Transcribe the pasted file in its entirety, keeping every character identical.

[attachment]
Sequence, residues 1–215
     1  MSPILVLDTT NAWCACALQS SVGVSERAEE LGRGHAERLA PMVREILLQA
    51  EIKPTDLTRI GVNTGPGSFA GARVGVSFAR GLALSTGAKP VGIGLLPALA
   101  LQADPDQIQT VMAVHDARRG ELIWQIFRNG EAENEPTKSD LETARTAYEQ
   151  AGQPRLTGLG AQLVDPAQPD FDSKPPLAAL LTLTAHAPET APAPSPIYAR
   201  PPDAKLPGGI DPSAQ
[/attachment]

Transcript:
Sequence, residues 1–215
     1  MSPILVLDTT NAWCACALQS SVGVSERAEE LGRGHAERLA PMVREILLQA
    51  EIKPTDLTRI GVNTGPGSFA GARVGVSFAR GLALSTGAKP VGIGLLPALA
   101  LQADPDQIQT VMAVHDARRG ELIWQIFRNG EAENEPTKSD LETARTAYEQ
   151  AGQPRLTGLG AQLVDPAQPD FDSKPPLAAL LTLTAHAPET APAPSPIYAR
   201  PPDAKLPGGI DPSAQ